The Gaslighting Continues … Pay Attention to the Facts

 

Ever since the tragic events in Charlottesville, VA, that fateful day in August 2017, not even eight months into Donald Trump’s presidency, when real white supremacists showed up for a “Unite the Right” rally, we have been warned repeatedly about the growing threat of “far right” groups.

No question that the Charlottesville rally organized by noted white supremacists Richard Spencer and Jason Kessler – who had obtained a permit from the city – was evil in many ways. Racial supremacy is evil in all its forms. A protester drove his car into a crowd of counter-protesters, killing a young woman. Three tragically died, two from a state police helicopter crash.

The violence was largely preventable.

The police response to events of the day was the subject of an independent review by former US Attorney Timothy Heaphy. Charlottesville’s police chief resigned, as his and the inept state police response actually deserve some of the blame for the clashes that happened – they allowed the protesters to literally march into each other, and made a very belated effort to separate them. You can find Heaphy’s and his law firm’s review here.

But never ones to let a crisis go to waste, partisans quickly attempted to tie President Trump to the events of the day. They even created and to this day still repeat the “Charlottesville Hoax,” claiming that Trump called the white supremacists “very fine people.” Presidential candidate Joe Biden perpetuated the hoax with no pushback from so-called media fact-checkers as recently as last November. Never mind that President Trump explicitly condemned the white supremacists, but was actually referring to the people involved in both sides of a debate over removing Confederate statues.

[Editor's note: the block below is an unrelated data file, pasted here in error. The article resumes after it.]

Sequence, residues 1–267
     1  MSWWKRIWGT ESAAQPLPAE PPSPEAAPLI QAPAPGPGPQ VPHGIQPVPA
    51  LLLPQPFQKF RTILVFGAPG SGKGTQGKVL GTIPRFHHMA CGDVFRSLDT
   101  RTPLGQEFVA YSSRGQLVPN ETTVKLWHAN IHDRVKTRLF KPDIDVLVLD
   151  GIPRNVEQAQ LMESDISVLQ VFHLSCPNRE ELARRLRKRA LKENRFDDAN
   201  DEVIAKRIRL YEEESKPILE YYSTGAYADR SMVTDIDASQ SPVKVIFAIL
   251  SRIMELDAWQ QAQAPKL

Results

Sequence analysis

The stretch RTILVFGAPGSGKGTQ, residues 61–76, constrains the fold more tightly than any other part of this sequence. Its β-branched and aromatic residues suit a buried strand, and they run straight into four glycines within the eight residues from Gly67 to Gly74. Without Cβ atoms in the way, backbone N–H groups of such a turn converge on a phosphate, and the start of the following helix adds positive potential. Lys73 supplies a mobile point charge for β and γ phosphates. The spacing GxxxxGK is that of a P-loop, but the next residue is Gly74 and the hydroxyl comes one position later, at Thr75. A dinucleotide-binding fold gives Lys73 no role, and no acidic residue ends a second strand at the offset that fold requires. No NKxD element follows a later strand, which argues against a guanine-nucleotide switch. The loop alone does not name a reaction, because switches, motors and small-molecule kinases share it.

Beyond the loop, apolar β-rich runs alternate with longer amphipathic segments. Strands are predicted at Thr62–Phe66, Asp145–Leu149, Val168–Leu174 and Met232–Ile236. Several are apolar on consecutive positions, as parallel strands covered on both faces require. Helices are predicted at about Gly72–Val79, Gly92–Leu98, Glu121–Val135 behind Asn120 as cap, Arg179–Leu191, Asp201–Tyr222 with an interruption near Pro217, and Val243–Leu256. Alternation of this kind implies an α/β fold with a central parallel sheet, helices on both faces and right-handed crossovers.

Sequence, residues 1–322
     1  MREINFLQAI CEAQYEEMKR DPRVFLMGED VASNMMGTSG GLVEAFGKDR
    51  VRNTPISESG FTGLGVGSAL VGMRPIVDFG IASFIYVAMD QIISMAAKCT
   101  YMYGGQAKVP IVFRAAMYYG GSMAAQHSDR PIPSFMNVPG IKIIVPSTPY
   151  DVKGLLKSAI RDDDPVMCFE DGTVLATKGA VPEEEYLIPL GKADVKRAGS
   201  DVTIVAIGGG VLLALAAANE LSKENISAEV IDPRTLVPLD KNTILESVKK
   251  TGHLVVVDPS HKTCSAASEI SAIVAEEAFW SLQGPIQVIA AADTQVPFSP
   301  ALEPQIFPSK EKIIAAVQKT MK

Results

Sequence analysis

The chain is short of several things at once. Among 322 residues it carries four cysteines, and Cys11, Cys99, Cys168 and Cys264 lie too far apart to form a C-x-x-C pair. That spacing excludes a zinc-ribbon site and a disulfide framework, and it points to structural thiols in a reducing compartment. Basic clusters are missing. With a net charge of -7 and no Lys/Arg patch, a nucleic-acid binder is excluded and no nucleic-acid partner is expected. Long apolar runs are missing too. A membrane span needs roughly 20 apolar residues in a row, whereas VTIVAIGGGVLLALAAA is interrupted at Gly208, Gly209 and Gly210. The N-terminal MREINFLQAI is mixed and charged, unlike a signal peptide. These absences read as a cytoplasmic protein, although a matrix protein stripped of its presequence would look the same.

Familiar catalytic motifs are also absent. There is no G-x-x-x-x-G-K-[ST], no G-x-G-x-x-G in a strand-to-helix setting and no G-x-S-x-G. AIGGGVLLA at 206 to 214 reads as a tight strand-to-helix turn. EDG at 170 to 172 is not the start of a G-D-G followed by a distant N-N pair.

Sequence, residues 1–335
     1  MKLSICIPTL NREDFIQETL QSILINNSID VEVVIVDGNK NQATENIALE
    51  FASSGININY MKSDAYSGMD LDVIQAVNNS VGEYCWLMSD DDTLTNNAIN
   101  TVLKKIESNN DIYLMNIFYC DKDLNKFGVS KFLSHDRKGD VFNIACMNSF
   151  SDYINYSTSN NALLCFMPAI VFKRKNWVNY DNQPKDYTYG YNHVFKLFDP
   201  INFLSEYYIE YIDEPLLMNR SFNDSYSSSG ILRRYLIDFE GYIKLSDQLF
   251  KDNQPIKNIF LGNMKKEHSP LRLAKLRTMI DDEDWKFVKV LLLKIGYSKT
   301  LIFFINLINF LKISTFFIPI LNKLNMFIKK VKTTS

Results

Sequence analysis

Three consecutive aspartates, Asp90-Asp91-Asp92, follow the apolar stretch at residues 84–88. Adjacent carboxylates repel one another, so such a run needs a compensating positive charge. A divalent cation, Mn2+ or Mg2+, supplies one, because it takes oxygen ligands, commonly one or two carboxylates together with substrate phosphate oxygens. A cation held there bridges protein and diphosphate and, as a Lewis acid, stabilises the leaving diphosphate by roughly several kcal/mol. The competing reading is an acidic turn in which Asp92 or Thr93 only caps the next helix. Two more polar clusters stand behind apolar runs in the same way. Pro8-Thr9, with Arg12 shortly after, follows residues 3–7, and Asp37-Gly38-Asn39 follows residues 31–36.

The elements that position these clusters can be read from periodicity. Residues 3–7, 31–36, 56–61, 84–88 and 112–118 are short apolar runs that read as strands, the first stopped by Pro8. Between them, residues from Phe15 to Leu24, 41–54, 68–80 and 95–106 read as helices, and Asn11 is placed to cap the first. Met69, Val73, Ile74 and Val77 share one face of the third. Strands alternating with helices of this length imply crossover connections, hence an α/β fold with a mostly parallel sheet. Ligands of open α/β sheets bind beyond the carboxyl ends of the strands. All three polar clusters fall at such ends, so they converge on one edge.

Why am I going to all this detail? Because it sets the stage for the ongoing narrative – that we suffer from a continuing crisis of Trump-inspired “white supremacy,” that white supremacists and “far right” fringe groups, like the Proud Boys, were involved in or helped instigate violence during last summer’s riots and protests across the United States. It started with the first ones last May in Minneapolis, and more recently, fueled if not orchestrated the Capitol “armed insurrection” of January 6.